That’s why 2, 4, 5, and 17 are on the air, with living, breathing, intelligent people expressing uncertainty and explaining the forecast. It’s why we spend all this time on this website. It’s why NWS-Nashville repeats this phrase “Please continue to stay informed of the weather forecast this weekend and be ready to adjust your travel plans as needed” over and over again.

Your app isn’t giving you what you need. So, yeah, we are going to miss things. We will be wrong! A forecast is only as good as its tools, and sometimes, sure, we are going to just miss it.  God knows I’m not perfect! Again, future prediction is difficult, whether it’s “who’s going to win this game,” or “will this stock rise,” or “who will win that election.” So, please don’t get your “forecast” from your apps and then switch off when impactful weather is on the way. Watch local TV broadcasters. Read the blog! Believe us when we discuss forecast uncertainty.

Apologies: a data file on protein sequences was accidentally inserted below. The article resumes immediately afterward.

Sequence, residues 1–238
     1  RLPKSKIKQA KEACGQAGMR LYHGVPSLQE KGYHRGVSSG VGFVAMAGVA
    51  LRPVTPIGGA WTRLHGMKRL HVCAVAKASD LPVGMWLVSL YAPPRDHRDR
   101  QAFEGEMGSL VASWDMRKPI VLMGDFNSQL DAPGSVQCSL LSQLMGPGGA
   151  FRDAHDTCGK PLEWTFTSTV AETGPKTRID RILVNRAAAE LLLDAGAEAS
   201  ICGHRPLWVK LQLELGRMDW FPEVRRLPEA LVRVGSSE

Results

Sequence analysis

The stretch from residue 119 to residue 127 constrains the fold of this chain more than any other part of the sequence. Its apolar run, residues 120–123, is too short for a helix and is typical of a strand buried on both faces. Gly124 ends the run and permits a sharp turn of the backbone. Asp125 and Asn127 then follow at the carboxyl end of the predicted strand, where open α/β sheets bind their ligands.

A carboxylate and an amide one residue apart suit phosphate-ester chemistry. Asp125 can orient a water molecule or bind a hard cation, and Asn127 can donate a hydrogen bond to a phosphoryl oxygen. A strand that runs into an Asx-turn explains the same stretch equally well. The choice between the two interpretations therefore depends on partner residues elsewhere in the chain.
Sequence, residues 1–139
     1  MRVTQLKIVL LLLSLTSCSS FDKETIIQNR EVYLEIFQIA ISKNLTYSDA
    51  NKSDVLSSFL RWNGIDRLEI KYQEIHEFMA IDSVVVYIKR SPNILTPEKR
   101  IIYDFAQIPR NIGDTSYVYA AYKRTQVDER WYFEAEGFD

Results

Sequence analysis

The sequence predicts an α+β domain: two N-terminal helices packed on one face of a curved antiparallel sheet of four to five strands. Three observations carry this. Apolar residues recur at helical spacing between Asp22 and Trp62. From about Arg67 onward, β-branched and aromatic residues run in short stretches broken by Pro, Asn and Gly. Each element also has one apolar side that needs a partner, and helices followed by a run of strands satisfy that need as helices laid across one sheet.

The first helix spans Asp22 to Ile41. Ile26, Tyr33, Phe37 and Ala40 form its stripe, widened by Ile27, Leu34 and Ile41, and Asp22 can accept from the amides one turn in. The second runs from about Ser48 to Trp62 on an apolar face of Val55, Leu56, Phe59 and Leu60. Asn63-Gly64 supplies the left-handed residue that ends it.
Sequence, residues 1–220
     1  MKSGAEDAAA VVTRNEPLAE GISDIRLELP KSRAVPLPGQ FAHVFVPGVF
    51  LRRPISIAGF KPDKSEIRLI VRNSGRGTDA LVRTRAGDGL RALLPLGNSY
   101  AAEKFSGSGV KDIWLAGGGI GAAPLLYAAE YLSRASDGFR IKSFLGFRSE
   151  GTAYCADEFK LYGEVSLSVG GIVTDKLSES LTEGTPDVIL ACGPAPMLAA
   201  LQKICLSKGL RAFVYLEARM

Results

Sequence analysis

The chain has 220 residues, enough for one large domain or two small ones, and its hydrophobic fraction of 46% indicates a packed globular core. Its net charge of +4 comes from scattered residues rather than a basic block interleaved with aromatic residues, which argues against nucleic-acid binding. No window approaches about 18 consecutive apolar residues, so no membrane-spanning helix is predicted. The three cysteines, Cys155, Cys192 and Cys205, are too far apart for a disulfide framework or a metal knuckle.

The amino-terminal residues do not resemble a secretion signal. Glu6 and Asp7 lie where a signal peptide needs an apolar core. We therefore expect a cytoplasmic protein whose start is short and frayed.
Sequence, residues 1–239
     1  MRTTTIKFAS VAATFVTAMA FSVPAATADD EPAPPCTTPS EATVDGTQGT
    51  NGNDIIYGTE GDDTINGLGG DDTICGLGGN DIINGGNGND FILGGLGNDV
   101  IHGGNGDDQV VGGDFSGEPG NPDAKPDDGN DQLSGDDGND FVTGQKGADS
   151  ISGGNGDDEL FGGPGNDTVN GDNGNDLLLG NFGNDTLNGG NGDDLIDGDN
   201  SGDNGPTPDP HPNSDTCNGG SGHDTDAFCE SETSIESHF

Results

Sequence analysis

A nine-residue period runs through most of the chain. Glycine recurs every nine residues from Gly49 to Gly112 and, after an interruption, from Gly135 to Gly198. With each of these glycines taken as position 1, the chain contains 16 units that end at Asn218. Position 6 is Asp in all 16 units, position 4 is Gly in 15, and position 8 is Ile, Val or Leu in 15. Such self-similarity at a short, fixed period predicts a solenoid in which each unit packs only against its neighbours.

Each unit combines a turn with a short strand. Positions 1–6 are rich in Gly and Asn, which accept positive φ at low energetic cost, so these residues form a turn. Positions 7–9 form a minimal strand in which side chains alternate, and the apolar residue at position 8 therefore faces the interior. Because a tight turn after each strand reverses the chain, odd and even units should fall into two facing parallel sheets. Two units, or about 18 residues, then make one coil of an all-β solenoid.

With apologies to Senator Vinick: If you demand expressions of certainty in weather forecasting, you’re just begging to be lied to.

Rest of Saturday

NAM3 and HRRR models think the snow will stop falling well before lunch. Sure, yes, these are the same models that were kinda right and mostly wrong about this morning’s event, but they are the best we have at correctly “initializing” this morning’s conditions.

As for the rest of today, the HRRR model appears to be model handling the snowfall best.

The afternoon looks uneventful. The big issue is snowmelt. High temps were forecast to be in the low 40°s this afternoon, but because of the snowpack we are running much, much colder than that. I’ll bet temps won’t even make it to 40°, and we’ll end up in the mid 30°s most of the day. Snow will melt, very slowly.

The HRRR model predicts more snow to form to our west, then arrive along and south of I-40 sometime after dark. The time stamp is in the upper right.

Let me zoom in on that:

If this model is off by 30-40 miles, or by a few hours, we could alot more, or alot less, than this, depending on which way it’s off.